Beavers are also being reintroduced into U.K. river systems, leading to new habitats, more diversity, and even floodwater management and boosting green tourism. Sometimes iconic species can be hugely important for building public support for conservation, but also can help fund projects through carefully managed tourism.

But what about invertebrates? Rebugging could allow species lost to an area to be introduced successfully and this is indeed happening.

Given their size and ability to produce numerous offspring quickly, invertebrates have the wonderful ability to recolonize far more quickly when they spot the opportunity than larger species. Just take the aphid, which can produce five to 10 offspring every day. The African driver queen ant can produce an estimated three to four million eggs a month. And they do not need so much careful handling as, say, a wolf.

However, it makes sense also to focus on protecting the native bug species that are still in their habitats, but are just hanging on in pockets of scrub, hedgerows or small woodlands, and even urban parks, where once their habitats would have been far more widespread. And they can help rewild the small spaces as well as the big ones.

The School of Rebugging

Critical to keeping places wild and protected will be helping people to have a stronger relationship with nature. Making public access safe and easy in rewilded space will help create a movement for rebugging. Great wilderness parks such as the 63 federally designated U.S. national parks present a whole other level of invertebrate opportunity. As these areas are managed by government bodies largely for wildlife, rather than farming or other purposes, they can be described as wild — and over 80% of the areas involved are managed as wilderness.

They maintain some of the best habitats, perfect for invertebrates to thrive. This is an extraordinary asset, but one which compares dramatically with other land management in the U.S.: the empty prairies and often car-filled cities, where insects and other invertebrates are subject to massive pressures from industrial farming, pollution and development.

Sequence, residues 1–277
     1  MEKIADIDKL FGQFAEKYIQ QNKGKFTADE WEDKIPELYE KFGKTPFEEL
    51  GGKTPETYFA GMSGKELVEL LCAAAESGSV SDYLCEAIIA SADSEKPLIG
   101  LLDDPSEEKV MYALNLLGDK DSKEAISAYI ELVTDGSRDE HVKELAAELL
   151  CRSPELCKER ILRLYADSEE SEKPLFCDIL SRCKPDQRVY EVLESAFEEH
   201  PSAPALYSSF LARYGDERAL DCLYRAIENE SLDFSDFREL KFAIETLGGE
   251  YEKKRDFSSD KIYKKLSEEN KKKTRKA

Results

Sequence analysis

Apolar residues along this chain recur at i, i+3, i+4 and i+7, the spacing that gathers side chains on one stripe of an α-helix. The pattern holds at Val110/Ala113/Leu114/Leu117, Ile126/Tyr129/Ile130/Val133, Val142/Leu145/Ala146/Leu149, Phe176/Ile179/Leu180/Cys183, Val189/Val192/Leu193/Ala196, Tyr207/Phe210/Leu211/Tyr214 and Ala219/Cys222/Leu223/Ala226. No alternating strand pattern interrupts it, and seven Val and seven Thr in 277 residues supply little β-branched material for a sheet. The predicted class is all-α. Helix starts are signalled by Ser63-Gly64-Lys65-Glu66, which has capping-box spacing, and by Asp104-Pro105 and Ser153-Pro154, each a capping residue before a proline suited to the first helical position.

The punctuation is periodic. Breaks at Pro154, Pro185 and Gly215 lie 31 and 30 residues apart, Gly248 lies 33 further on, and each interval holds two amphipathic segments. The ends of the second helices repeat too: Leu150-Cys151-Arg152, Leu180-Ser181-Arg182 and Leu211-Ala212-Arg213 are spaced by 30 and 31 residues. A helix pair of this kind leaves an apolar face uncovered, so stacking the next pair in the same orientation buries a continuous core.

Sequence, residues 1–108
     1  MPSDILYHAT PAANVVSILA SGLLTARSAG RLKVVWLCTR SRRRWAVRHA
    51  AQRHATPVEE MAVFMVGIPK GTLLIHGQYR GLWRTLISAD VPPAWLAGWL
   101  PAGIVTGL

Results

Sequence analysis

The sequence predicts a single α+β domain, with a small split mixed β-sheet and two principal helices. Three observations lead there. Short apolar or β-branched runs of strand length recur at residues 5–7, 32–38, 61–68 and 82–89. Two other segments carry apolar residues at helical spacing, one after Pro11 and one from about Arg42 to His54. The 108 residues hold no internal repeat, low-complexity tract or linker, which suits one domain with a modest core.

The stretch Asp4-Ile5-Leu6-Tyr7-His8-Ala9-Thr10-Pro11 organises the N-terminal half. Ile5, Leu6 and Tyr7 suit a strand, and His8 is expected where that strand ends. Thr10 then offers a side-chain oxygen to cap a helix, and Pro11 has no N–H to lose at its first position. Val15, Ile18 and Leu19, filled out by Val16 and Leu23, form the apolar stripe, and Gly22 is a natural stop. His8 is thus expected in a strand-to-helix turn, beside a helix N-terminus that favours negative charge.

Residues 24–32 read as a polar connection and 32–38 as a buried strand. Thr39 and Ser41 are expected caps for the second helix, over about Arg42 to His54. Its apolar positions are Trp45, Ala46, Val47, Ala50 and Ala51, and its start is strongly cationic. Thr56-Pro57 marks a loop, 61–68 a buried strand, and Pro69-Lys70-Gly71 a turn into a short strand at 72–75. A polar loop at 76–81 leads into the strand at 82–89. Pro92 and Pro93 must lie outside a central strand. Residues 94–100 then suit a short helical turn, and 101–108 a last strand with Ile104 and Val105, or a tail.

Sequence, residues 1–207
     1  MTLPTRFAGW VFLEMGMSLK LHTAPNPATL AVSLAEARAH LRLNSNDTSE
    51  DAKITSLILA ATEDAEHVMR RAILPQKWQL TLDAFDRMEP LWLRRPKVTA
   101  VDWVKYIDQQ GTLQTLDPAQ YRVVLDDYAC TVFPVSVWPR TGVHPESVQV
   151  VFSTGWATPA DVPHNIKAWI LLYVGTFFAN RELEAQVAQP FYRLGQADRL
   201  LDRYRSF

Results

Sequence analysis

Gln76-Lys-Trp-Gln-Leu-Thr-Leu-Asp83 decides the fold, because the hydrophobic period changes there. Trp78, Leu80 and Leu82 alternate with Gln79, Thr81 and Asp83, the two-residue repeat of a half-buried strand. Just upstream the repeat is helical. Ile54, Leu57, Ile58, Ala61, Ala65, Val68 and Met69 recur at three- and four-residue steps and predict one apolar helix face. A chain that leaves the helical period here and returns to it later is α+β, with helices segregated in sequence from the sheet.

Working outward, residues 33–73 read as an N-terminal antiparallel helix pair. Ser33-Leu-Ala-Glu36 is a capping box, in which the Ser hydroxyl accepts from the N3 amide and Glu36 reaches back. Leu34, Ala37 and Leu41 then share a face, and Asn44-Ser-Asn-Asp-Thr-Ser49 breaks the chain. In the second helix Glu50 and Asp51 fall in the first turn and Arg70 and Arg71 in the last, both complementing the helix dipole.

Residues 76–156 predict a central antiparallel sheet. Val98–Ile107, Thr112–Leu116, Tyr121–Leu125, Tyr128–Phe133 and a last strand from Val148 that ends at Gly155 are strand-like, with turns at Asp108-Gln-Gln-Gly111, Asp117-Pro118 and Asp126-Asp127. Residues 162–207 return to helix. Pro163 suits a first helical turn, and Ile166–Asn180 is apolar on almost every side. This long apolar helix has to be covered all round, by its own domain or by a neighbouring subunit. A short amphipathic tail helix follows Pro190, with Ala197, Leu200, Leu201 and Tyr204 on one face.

Take the sub-arctic Denali National Park and Preserve in Alaska where there is an abundance of invertebrates such as bees and flower flies. People visit this park to see the grizzly bears but the other fur-covered animals should also gain attention. Alongside the flies, the bumblebees are critical for pollination and they have recently found a new species of bumblebee in this park — always an exciting moment.

These are keystone species and the Denali park’s grizzly bears, caribou and wolves would not survive without the bugs because they all need the wildflowers and shrubs for their food or the food of their prey. The grizzlies in particular need the bees to pollinate the blueberries, one of the bear’s main foods. As we know, honeybees are under threat globally, so it is vital that we protect the other pollinators like bumblebees so they can pollinate both wild plants and farmed crops.

Wildlife parks do have threats such as the pressure of visitors, especially at peak holiday periods. Other dangers respect no boundaries — for instance, climate change, illegal hunting and invasive species. But these places provide a fantastic way to conserve bugs in their natural world and to show what they can do.

Rebugging Actions

The joy of rebugging is that you can do it almost anywhere. Give people the chance to act and to encourage some bees, or even hummingbird hawkmoths, in a green patch of land, and you can start to change hearts and minds. From a Costa Rican municipality giving bees citizenship to an amazing three thousand food-growing spaces making space for nature in London, it is possible — and it is happening.